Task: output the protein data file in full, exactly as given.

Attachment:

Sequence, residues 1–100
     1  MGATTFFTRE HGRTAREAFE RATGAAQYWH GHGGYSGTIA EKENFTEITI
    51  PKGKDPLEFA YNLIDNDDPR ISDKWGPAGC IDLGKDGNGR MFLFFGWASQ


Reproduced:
Sequence, residues 1–100
     1  MGATTFFTRE HGRTAREAFE RATGAAQYWH GHGGYSGTIA EKENFTEITI
    51  PKGKDPLEFA YNLIDNDDPR ISDKWGPAGC IDLGKDGNGR MFLFFGWASQ